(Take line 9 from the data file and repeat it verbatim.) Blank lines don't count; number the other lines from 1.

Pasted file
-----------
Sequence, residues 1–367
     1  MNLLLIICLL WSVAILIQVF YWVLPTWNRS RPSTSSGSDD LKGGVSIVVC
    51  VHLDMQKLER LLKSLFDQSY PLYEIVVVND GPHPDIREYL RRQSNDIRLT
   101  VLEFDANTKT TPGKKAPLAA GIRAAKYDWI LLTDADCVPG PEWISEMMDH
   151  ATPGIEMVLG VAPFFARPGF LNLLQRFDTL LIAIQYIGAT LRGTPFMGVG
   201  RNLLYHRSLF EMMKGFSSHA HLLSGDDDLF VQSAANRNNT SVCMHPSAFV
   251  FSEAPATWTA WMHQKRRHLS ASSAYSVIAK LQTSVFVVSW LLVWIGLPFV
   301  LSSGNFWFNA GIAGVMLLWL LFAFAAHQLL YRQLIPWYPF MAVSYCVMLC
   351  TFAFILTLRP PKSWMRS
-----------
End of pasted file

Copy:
   351  TFAFILTLRP PKSWMRS